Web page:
Maroulis won the opening match against Jenna Burkert, but then lost the second match. Statistically, a wrestler who loses the second match in a best-of-three series usually loses the third. But Maroulis pinned Burkert just 22 seconds into the rubber match to clinch the Olympic spot.

Shen then revealed that she tore an MCL two weeks earlier.

“They told me I would have to be in a brace for six weeks,” she said then. “I said, ‘I don’t have that. I have two and a half.’”

Maroulis said she later asked the director what would have happened if she didn’t make the team for Tokyo. She was told the film still have been done.

“He had mentioned this isn’t about a sports story or sports comeback story,” Maroulis said. “This is about a human story. And we’re using wrestling as the vehicle to tell this story of overcoming and healing and rediscovering oneself.”

Maroulis said she was told that, during filming, the project was pitched to the production company of actor Chris Pratt, who wrestled in high school in Washington. Pratt signed on as a producer.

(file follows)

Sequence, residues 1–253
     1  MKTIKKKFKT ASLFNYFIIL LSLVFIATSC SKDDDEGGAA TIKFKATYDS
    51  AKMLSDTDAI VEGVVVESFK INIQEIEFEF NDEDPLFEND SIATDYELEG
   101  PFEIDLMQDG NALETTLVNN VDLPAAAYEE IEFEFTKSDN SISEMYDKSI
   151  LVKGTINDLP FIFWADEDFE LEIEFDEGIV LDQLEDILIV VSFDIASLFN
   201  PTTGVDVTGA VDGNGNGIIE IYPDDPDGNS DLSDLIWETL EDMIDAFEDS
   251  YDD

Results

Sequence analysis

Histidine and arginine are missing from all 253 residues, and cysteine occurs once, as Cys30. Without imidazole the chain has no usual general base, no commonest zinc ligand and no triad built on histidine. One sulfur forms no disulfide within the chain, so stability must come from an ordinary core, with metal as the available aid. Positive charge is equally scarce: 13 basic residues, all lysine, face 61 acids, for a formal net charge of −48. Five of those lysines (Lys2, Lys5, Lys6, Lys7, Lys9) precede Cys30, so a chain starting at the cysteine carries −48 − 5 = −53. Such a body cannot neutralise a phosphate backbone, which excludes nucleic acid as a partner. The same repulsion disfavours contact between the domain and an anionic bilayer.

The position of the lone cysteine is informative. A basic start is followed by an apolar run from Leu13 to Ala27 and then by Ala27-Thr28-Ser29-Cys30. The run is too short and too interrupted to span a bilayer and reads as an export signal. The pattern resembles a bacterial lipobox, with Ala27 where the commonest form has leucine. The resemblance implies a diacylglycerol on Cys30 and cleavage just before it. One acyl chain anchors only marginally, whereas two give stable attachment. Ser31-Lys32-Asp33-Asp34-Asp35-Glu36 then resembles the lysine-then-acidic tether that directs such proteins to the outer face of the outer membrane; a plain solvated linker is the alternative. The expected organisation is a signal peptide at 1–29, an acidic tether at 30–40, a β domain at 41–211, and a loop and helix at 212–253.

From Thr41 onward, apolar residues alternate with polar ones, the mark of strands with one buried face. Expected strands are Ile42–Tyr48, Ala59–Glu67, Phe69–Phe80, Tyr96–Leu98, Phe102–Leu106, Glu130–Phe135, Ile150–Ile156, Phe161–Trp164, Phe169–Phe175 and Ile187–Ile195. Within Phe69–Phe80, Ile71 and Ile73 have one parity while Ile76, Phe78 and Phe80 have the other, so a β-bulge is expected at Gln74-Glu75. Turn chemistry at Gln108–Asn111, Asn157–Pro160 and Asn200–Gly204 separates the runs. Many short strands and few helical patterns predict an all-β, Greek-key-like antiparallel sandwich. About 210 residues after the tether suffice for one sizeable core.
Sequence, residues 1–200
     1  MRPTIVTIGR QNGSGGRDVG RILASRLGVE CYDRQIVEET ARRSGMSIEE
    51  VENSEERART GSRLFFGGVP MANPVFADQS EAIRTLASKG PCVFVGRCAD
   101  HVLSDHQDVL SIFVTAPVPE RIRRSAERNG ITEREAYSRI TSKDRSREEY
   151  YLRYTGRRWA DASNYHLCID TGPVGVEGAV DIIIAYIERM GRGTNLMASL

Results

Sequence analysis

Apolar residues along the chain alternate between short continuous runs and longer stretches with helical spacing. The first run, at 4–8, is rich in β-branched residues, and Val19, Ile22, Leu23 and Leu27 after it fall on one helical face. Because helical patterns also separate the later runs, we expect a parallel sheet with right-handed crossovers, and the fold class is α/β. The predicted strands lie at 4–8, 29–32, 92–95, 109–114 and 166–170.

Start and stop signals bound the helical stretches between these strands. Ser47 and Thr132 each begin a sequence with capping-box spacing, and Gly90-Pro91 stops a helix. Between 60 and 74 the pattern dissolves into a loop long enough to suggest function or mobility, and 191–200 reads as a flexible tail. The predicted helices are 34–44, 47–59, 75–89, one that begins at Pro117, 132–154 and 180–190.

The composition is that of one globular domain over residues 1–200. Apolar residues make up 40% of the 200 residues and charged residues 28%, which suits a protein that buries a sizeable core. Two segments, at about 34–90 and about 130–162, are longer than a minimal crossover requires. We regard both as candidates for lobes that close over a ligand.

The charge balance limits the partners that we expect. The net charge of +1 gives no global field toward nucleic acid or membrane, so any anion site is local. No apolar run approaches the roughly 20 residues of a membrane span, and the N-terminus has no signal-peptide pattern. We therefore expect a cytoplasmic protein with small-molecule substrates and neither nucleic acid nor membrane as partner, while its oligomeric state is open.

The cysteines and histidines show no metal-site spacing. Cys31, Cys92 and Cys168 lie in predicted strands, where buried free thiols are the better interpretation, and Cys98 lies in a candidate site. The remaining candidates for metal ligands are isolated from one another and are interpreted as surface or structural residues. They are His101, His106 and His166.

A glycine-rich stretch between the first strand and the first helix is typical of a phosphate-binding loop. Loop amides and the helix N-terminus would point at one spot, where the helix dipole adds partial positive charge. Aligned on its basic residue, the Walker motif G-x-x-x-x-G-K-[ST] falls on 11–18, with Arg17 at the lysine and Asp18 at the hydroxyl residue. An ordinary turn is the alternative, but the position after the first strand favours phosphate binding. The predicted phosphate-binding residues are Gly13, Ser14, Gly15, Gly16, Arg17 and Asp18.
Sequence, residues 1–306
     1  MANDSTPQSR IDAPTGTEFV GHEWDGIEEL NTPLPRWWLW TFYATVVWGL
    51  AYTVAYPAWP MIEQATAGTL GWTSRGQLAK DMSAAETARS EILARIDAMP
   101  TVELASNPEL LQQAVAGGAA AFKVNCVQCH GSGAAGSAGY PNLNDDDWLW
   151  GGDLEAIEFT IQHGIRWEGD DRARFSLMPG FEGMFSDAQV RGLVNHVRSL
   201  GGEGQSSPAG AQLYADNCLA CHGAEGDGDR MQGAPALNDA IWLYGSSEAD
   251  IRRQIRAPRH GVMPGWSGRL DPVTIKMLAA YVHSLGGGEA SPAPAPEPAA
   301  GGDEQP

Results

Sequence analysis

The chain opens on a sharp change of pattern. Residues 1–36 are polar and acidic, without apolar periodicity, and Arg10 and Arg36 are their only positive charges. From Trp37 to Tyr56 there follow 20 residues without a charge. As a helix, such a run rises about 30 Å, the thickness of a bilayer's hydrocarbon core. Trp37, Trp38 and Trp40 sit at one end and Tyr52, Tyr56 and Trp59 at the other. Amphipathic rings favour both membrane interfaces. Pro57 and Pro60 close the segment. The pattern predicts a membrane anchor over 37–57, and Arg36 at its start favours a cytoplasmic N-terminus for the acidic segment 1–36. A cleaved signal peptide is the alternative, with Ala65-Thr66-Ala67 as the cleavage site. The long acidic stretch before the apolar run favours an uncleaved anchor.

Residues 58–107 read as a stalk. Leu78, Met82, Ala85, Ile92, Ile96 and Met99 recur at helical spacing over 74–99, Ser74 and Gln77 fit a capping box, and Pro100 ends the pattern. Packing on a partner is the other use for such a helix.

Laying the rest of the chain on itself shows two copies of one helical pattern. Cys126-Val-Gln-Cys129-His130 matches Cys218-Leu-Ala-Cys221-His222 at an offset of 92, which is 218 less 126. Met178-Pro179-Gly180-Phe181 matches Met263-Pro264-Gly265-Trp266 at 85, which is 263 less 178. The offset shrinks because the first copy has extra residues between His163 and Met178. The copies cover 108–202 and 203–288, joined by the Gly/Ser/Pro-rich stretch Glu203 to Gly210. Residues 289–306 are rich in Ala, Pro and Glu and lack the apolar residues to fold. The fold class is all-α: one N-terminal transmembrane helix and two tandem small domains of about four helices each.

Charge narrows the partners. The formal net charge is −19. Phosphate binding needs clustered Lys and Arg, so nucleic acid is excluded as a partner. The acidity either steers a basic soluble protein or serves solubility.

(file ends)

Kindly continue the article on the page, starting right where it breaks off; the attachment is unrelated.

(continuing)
“Wrestling has made an impact on his life, and so he wants to support these kinds of stories,” said Maroulis, who appeared at last month’s Santa Barbara Film Festival with Pratt.

Pratt said he knew about Maroulis before learning about the film, which he said “needed a little help to get it over the finish line,” according to a public relations company promoting the film.

The film also highlights the rest of the six-woman U.S. Olympic wrestling team in Tokyo. Four of the six won a medal, including Tamyra Mensah-Stock‘s gold.

“I was excited to be part of, not just (Maroulis’) incredible story, but also helping to further advance wrestling and, in particular, female wrestling,” Pratt said, according to responses provided by the PR company from submitted questions. “To me, the most compelling part of Helen’s story is the example of what life looks like after a person wins a gold medal. The inevitable comedown, the trauma around her injuries, the PTSD, the drive to continue that is what makes her who she is.”

Maroulis, who now trains in Arizona, hopes to qualify for this year’s world championships and next year’s Olympics.

“I try to treat every Games as my last,” she said. “Now I’m leaning toward being done [after 2024], but never say never.”